Just to add a comment- The Gallium anomaly quoted is now in some disagreement with KARMEN and LSND based on the carbon cross-section comparison and the best-fit is excluded to almost ~ 3 \sigma.[arXiv:1106.5552].

- Arun Thalapillil

Anonymous said...

The seminar link is not to Mention, but to Bernadeau :(

Jester said...

#$*%... fixed, thx.

andrew said...

"neutrinos are boring, though I should specify that they are boring from the point of view of a theoretical physicist."

Heresy! They are the only thing in SM physics that there isn't even a firm consensus upon (Dirac v. Majorana mass). They are also best window we have on the quark-lepton complementarity issues, and one of the least constrained parameters experimentally and hence offer lots of wiggle room for theorists. They are the only exception (apparently) to fermions coming in four variants (anti-L, L, anti-R and R). They are a trophy in the theorists case of theorists beating experimentalists to the punch an immense margin. And, how can your mouth not water at the possibilities presented by neutrino condensates that have been pressed into duty in every conceivable gap in our knowledge? Even their absence, if found (i.e. in neutrinoless double beta decay) would be profound. They sit there and torment you over their refusal to explain why their mass is so low but non-zero. You can't condense their observable properties into a single set of eigenvalues. They are so mind blowingly common yet almost invisible. What is not to like?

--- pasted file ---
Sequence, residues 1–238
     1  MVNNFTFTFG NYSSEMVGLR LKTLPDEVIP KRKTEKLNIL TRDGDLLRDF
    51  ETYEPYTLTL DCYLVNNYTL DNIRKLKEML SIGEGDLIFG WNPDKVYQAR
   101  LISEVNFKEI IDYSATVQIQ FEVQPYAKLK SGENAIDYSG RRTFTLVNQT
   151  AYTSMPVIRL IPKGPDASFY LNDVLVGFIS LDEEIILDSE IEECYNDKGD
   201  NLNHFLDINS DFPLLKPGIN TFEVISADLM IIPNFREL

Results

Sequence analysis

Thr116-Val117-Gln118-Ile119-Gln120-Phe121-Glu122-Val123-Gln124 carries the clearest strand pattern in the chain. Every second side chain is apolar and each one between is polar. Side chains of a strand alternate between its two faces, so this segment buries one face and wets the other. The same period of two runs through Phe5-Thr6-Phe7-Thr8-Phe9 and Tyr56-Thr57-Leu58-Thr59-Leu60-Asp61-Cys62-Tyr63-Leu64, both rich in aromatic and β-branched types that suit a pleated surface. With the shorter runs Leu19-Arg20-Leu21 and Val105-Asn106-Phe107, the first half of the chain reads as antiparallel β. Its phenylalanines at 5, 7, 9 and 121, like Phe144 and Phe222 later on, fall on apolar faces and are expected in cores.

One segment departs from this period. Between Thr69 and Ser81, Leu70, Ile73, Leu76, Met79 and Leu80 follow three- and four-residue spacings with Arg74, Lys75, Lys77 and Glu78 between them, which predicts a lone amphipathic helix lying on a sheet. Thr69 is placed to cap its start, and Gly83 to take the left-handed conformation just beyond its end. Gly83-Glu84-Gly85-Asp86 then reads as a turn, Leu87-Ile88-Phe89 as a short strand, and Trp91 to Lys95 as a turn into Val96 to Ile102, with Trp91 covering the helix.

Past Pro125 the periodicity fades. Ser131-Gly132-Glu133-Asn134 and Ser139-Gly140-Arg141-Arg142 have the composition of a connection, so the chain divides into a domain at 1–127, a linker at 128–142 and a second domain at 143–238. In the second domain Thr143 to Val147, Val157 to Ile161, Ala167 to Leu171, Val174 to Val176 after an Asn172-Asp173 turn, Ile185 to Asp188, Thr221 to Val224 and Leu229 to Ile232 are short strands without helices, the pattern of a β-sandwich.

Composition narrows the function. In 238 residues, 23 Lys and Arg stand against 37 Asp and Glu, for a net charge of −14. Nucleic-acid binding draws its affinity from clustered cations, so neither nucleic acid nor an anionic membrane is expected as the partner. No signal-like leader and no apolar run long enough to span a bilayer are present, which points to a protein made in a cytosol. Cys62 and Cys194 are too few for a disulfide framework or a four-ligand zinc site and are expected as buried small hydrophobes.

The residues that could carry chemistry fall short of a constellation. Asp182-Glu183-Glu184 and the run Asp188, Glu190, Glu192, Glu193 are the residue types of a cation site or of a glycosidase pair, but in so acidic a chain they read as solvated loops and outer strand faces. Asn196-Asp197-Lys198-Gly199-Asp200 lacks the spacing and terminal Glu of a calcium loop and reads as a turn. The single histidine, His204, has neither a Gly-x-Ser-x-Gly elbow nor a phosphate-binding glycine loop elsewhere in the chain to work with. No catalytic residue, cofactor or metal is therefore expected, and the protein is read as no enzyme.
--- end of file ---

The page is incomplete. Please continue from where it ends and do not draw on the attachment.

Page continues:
Anonymous said...

I just wanted to mention that, despite the many theoretical ideas to "explain" the MiniBooNE low-energy excess, there is a description that is consistent with this anomaly as well as possible differences between neutrino and antineutrinos that does not require sterile neutrinos. Violations of Lorentz invariance naturally produce oscillation signals in short-baseline experiments such as MiniBooNE. Moreover, a Lorentz-violating description needs less parameters than other possible solutions and is consistent with all established data, see arXiv:1108.1799.